Newspaper article THE JOURNAL RECORD

Three Majors Report Better-Than-Expected First-Quarter Results

Newspaper article THE JOURNAL RECORD

Three Majors Report Better-Than-Expected First-Quarter Results

Article excerpt

Three of the nation's biggest oil companies reported better-than- expected first-quarter earnings on Tuesday, boosted by the surge in crude oil prices over the last year.

Exxon Mobil, Texaco and Conoco's profits all topped Wall Street analysts' estimates for the quarter.

Oil companies benefited from the Organization of Petroleum Exporting Countries' decision last year to cut oil production. That sent crude oil prices surging over the last year, climbing to more than $34 a barrel in March 2000 on the New York Mercantile Exchange - - the highest level since the Gulf War.

Prices, however, have weakened somewhat since OPEC announced last month that it would undo the production cuts, but still remain well above year-ago levels, trading around $26 a barrel.

Exxon Mobil, the world's largest publicly traded oil company, earned $3.35 billion, or 95 cents a share, from $1.61 billion, or 46 cents, a year ago.

Revenue for the Irving, Texas-based company rose 42 percent, to $55.08 billion from $48.68 billion.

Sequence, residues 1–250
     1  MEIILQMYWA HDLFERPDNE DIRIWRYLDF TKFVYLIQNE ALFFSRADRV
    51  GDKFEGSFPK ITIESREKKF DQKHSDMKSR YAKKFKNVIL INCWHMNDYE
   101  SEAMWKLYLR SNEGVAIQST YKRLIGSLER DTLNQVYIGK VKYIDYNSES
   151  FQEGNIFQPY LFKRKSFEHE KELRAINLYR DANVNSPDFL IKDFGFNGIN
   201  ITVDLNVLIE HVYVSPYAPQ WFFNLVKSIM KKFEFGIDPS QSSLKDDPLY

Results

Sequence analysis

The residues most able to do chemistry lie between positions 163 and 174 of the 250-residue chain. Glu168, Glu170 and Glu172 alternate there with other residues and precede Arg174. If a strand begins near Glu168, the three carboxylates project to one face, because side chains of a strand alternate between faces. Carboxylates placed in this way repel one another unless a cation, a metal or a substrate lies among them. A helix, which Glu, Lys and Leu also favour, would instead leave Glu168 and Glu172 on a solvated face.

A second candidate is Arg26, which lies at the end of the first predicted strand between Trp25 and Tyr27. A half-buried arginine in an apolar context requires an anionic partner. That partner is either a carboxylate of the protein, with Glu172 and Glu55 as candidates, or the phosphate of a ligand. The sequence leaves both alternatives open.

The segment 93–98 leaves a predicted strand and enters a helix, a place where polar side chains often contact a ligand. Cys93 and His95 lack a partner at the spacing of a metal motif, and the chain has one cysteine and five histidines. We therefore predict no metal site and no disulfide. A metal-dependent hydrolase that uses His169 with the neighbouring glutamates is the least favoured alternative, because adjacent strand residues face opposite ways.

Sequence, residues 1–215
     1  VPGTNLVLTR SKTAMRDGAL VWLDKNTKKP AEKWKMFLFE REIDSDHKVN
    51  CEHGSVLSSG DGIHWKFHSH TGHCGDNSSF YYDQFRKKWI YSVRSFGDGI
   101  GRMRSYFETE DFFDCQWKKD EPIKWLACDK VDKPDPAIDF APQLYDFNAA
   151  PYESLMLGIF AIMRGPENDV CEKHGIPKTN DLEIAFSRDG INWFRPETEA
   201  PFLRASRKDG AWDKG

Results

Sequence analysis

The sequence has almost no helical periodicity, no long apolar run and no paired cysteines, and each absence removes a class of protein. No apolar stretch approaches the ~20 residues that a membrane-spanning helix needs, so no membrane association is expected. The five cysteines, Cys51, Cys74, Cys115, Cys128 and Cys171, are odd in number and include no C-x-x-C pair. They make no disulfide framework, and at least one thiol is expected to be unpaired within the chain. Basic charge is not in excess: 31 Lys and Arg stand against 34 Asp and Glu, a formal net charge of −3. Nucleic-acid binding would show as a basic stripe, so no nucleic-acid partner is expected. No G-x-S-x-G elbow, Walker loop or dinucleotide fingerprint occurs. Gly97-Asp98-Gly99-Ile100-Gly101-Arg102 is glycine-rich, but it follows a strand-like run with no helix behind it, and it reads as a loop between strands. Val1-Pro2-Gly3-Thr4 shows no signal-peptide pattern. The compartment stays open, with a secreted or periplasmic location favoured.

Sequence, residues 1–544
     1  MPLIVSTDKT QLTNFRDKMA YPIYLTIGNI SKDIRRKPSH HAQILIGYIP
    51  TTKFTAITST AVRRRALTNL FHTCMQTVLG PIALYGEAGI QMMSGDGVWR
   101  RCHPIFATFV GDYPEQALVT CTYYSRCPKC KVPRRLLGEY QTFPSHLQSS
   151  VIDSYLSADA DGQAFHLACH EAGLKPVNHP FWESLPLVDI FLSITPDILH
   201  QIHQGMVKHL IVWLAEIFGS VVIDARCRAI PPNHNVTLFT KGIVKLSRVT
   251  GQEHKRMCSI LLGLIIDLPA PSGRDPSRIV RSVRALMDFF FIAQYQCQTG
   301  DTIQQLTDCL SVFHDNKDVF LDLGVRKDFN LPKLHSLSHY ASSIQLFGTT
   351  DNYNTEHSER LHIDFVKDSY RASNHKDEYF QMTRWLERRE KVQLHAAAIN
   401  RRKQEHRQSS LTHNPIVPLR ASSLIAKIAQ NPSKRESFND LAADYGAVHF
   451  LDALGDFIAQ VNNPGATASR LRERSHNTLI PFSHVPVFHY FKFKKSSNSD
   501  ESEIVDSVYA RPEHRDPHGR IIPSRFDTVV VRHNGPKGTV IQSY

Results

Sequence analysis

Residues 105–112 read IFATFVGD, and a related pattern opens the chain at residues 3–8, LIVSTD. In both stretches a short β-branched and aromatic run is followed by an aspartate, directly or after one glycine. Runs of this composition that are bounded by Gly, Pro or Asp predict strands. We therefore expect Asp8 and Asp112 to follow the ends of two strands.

Analysts surveyed by First Call/Thomson Financial were projecting 90 cents per share.

This quarter marked the first time since the $85 billion merger in November of Exxon and Mobil that the company issued a full earnings report with combined operations.

Including merger-related gains of $130 million, the company said it earned $3.48 billion, or 99 cents, up 135 percent from the combined year-ago earnings of Exxon and Mobil.

Exxon Mobil chairman Lee Raymond said exploration and production results benefited from the rise in crude oil prices, which were trading at about $15 a year ago.

The same trend, however, depressed Exxon Mobil's refining and marketing earnings because the company couldn't raise product prices in line with rising crude oil prices, he said.

Exxon Mobil also said it realized a net after-tax gain of $455 million from asset sales required by regulators as a condition of approving the merger of the two oil companies. …

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